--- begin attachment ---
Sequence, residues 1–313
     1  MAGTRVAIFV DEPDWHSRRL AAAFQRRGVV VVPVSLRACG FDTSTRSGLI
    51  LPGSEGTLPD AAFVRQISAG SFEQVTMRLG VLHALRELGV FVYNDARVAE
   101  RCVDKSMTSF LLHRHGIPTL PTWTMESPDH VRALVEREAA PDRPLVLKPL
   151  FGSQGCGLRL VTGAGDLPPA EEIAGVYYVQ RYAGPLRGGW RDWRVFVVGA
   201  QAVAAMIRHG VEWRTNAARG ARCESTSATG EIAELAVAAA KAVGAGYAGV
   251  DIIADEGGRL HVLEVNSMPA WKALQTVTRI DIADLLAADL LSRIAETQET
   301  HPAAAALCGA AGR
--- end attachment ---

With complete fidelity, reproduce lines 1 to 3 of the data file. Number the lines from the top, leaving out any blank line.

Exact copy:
Sequence, residues 1–313
     1  MAGTRVAIFV DEPDWHSRRL AAAFQRRGVV VVPVSLRACG FDTSTRSGLI
    51  LPGSEGTLPD AAFVRQISAG SFEQVTMRLG VLHALRELGV FVYNDARVAE